NEW YORK, United States — In 2003, Craig Nevill-Manning, a computer scientist at Google, wanted to set up an engineering outpost in New York. Google’s top leaders were skeptical, but they told him that he could go ahead if he could find 15 “Google-worthy” software developers in the city.
“The attitude was that pretty much all the good software engineers were in Silicon Valley,” Mr Nevill-Manning recalled. “It seems crazy in retrospect.”
Mr Nevill-Manning found his developers and opened the engineering office in New York. Today, Google employs 7,000 people in the city, and more than half are engineers and technical staff.
The Google story mirrors the rise and evolution of New York as a genuine tech hub — home to a deep pool of technical talent as well as sales, marketing and business expertise. And Amazon’s decision to put a headquarters in the city, eventually employing more than 25,000 workers, only reinforces that trend.
“This solidifies New York’s importance and significance in tech,” said Fred Wilson, the dean of New York’s venture capital community and co-founder of Union Square Ventures.
Amazon, like most big tech companies, is no stranger to New York. It already has over 2,000 workers in New York, from e-commerce marketers to cloud computing engineers.
Facebook has over 2,000 New York employees, including Yann LeCun, its chief artificial intelligence scientist and a pioneer in the field. Salesforce employs more than 1,000 at its new offices in New York. And tech stalwart IBM chose the city as the headquarters for its Watson artificial intelligence and cloud computing divisions.
The East Coast is more well-rounded. It is about technology, but not just technology for its own sake.
Most technology work in New York has traditionally been in service of other industries. That market, too, is growing briskly as banks, retailers, advertising and consulting firms — major employers in New York — are all getting digital makeovers and hiring. Goldman Sachs, for example, employs 2,000 tech workers in New York, including data analysts, app developers, digital security and blockchain experts. Manuela Veloso, head of the machine-learning department at Carnegie Mellon University, joined JPMorgan Chase this year to lead its AI research team.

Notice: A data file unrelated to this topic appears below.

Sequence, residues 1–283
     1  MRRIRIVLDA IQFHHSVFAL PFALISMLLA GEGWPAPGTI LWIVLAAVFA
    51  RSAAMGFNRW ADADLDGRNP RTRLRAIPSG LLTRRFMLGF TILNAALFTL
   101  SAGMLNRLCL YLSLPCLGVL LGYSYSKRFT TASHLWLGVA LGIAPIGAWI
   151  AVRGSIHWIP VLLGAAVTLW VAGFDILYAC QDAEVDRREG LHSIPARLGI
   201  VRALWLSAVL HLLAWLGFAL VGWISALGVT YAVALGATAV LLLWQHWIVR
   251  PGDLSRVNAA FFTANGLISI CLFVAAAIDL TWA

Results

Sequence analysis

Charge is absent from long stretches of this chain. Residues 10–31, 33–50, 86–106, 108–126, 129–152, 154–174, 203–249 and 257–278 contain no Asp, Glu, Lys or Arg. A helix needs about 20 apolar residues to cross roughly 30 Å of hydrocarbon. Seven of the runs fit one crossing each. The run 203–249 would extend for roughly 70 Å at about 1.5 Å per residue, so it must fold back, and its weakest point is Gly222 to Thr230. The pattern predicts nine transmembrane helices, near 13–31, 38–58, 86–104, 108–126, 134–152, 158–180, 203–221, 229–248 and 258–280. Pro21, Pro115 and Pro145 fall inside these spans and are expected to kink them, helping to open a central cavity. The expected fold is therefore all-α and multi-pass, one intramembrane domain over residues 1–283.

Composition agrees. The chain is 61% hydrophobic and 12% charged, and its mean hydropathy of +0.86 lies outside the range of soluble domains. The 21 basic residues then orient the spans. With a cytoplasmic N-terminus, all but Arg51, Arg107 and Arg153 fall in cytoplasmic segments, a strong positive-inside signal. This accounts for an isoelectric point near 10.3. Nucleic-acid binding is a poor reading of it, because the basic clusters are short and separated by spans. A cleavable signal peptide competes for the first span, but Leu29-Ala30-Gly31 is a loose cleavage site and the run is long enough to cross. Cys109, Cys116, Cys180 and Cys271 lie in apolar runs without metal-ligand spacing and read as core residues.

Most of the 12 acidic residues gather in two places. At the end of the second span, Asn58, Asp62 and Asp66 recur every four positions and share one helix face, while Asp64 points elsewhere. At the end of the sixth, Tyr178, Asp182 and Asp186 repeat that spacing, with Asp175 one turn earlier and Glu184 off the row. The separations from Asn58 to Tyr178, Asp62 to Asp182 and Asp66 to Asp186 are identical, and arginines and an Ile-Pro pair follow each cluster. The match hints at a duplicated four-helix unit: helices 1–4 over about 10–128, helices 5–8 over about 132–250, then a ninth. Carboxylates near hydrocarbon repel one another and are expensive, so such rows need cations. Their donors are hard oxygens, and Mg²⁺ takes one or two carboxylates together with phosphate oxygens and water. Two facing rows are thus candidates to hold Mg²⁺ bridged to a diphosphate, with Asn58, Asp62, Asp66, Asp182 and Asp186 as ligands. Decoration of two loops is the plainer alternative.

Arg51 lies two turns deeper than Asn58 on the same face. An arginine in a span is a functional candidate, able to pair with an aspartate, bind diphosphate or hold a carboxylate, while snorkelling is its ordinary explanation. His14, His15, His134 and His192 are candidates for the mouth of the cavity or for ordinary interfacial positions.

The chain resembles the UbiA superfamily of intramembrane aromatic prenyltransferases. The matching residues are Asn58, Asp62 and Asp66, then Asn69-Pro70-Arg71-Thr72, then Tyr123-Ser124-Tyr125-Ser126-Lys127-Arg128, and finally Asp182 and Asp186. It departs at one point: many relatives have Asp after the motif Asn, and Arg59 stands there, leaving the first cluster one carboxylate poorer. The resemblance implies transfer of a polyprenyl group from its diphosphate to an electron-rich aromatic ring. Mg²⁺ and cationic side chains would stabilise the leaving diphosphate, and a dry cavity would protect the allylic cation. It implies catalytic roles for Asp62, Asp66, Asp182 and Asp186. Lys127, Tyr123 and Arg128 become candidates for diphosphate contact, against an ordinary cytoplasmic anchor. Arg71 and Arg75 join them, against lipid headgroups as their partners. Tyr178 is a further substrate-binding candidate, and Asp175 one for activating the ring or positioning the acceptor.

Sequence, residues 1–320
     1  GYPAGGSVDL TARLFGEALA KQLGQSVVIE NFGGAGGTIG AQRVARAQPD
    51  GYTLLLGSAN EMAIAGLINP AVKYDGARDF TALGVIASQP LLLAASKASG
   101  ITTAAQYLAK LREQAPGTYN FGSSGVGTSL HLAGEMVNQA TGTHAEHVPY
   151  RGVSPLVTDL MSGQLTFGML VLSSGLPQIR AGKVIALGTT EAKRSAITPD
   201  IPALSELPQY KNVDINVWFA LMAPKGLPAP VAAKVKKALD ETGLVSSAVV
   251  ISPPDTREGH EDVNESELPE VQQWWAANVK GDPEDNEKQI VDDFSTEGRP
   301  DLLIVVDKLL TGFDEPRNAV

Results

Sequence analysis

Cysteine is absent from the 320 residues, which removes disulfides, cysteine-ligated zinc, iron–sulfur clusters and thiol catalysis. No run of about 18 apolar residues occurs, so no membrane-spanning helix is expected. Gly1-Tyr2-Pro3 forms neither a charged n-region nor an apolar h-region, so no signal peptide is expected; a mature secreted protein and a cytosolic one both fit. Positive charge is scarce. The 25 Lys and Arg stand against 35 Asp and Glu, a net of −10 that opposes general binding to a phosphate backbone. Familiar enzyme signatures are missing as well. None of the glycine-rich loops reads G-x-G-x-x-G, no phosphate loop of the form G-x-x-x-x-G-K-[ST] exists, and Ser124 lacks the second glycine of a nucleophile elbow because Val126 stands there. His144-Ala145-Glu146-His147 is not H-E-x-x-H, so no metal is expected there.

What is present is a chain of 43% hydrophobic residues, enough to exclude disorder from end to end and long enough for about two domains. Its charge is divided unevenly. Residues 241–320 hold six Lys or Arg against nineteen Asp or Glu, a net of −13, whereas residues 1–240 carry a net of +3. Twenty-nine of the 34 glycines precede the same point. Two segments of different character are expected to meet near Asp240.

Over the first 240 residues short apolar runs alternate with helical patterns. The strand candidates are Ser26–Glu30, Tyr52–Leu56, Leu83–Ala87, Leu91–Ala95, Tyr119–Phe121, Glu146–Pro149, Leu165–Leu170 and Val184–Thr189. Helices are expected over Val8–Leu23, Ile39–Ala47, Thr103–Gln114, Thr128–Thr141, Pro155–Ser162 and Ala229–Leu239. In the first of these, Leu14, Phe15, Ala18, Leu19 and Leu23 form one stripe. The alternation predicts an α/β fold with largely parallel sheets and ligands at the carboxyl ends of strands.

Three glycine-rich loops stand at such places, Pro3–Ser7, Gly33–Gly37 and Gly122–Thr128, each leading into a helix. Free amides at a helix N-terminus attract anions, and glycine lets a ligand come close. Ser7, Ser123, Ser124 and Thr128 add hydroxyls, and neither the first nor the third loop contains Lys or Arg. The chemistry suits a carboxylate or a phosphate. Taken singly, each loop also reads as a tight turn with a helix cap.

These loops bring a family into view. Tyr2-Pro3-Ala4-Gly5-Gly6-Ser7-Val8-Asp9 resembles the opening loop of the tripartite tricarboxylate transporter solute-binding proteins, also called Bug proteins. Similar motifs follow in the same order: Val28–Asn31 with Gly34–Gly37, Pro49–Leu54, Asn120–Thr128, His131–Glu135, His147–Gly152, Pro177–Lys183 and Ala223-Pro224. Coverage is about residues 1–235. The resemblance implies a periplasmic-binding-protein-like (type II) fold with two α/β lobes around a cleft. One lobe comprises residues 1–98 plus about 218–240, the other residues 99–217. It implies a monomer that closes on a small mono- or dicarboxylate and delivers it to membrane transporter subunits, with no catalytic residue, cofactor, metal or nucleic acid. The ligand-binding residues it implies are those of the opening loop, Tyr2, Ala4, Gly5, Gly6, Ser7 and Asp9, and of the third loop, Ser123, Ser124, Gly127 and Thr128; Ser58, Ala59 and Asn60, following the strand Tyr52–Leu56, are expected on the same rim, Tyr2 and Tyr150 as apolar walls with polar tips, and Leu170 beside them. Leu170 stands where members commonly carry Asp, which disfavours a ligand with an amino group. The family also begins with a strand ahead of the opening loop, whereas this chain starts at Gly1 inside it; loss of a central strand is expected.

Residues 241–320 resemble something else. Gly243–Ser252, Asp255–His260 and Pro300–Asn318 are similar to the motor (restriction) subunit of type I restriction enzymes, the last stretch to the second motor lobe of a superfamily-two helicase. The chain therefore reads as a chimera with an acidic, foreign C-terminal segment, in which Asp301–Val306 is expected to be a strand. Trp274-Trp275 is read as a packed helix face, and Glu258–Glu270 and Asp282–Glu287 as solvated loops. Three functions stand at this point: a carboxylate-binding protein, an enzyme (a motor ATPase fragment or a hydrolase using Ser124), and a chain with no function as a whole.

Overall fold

The five companies with the most tech-related job listings in New York over the last three months on Indeed.com, the jobs listing site, are Amazon, BNY Mellon, Capgemini, JPMorgan Chase and Morgan Stanley.
Measurements of tech sector jobs vary, depending on definitions. But the broad picture is a growing labour market for well-paying jobs. From 2010 to 2017, according to government statistics, tech sector employment grew by 53,000 in the city, or 65 percent, to an estimated 134,700. And the average salary of $147,300 in 2016, the most recent estimate available, was far higher than the citywide average of $89,100 for all private employers.
The Bay Area, to be sure, remains the nation’s high-tech epicenter. New York is growing impressively, but its tech work force, according to most analyses, is less than half and perhaps one-third that of the Bay Area.
New York fairly consistently ranks second behind the Bay Area in attracting venture capital. In the third quarter, for example, investors put $5.9 billion in start-ups in the New York metropolitan area, according to figures compiled by the PwC-CB Insights MoneyTree Report.